I don't think the fate of DRM is as black-and-white as you seem to think it is. That's more likely to be true for the really draconian DRM systems, but "gentler" ones are, in my opinion, a lot more like a simple curb.

Yes, you can drive your car off, or over, a curb. But if there's a nice ramp cut in the curb where people intend for your car to go, it's easier to go that way, and most people will.

If someone is determined to defeat DRM - or any other technological solution to any perceived problem - they probably will. But people who have that mindset going in are a pretty small percentage of the population. Even on Slashdot, I don't think they're the overwhelming majority. And other people will acquire digital content by means other than grabbing DRMed versions and defeating the DRM, I think.

(Honestly, I can't imagine why someone would break DRM, since so many things are probably available in non-DRMed formats on P2P networks anyway.)

Re:Customers (1)

gobbo (567674) | more than 9 years ago | (#13092326)

ultimately customers will decide that DRM and related tech will fail

Great, just like we got rid of that hated Macrovision. Almost all I talk to about it say "what?" Then they just stay resigned that they can't copy VHS's or DVD's, despite having two decks, and there being obscure but easily obtained circumvention devices.

The vast majority don't know the modern definition of the word "rip." So how are they/we going to make DRM fail through consumer choice, when it's in EVERYthing they buy?

Hardware-wise it's a bit more difficult.

Yes, that's the crux of it. It will be pervasive, like Macrovision and regions. [/cynic]

mea culpa (4, Funny)

myukew (823565) | more than 9 years ago | (#13092154)

obviously bill gates doesn't know that "mea culpa" translates to "my fault [wikipedia.org] " and thus the sentence "we did our mea culpa" is wrong. tztztz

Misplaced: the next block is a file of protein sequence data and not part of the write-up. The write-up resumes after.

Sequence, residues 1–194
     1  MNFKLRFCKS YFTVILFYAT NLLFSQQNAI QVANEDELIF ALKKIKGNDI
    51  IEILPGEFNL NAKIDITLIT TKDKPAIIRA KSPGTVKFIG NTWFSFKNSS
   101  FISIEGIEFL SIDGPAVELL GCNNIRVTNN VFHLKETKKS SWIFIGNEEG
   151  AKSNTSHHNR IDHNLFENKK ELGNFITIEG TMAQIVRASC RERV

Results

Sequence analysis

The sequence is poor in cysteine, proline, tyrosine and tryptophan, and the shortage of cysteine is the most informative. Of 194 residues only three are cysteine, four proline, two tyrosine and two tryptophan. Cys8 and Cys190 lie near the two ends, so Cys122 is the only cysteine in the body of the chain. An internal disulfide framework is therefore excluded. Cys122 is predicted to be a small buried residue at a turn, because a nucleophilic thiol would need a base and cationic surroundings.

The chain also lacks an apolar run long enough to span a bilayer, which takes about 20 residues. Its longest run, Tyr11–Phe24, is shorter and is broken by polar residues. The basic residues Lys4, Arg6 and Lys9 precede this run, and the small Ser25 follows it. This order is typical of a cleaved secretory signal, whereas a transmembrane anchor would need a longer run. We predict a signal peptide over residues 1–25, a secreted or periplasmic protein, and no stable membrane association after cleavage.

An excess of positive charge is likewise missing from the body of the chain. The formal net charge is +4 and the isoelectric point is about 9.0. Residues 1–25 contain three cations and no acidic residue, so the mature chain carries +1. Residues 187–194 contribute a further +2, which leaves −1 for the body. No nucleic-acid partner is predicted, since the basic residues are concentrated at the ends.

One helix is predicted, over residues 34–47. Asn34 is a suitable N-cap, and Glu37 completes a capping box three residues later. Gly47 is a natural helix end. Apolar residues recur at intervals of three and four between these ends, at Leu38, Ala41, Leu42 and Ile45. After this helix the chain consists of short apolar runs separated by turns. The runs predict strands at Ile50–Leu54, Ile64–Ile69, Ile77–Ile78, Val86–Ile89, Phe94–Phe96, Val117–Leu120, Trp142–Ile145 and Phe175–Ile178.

Re:mea culpa (0)

StrawberryFrog (67065) | more than 9 years ago | (#13092191)

mea culpa is what you are supposed to say when you were in the wrong. So that could also read "That's where we've admitted our mistake. We are fixing that."

What's wrong about it?

Re:mea culpa (1)

Lussarn (105276) | more than 9 years ago | (#13092208)

Or like the rest of us he could have used a language which isn't dead and burried.

Re:mea culpa (1)

Achromus (810984) | more than 9 years ago | (#13092262)

Or he could not say "our mea" culpa, which is saying it was "our my" mistake and just sounds aweful. No wonder people think they are seing something wrong with Gates' wording.

Re:mea culpa (0)

Anonymous Coward | more than 9 years ago | (#13092323)

Was your use of "aweful" deliberately ironic, or did you actually mean "awful"?

English lessons from those who have a grasp of the language, please...

Re:mea culpa (0)

Anonymous Coward | more than 9 years ago | (#13092225)

I am not a 'Grammar Fiend' but...

It seems like, to me, the OTHER definition at your link makes sense. It means, more or less, "Admission of guilt/Admission of Flaw". So, "We did our 'Admission(s) of guilt/flaw(s)'." seems fine to me. It would help if you are going to argue about something that your supporting documentation is read in it's entirety. Don't assume that 'definition one' is the way someone's using that word or phrase.

Re:mea culpa (1)

NumbThumb (468496) | more than 9 years ago | (#13092274)

but "meak culpa" is not something you make. "Faux pas" would have worked, if he wanted to sound educated...

Sure, it's just nitpicking, but it triggered a syntax error for me, too.

gah! typo. (2, Informative)

NumbThumb (468496) | more than 9 years ago | (#13092279)

Note to self: don't nitpick, you'r bound to screw up while doing it.

Re:gah! typo. (1)

theolein (316044) | more than 9 years ago | (#13092349)

You're right.

Re:mea culpa (1)

realkiwi (23584) | more than 9 years ago | (#13092240)

This person does not know how to express himself correctly in English - American or vanilla English. Listening to him speak or reading quotes from his speeches is enough to make any high school language teacher choke.

As always... Piracy will save the day... (1, Insightful)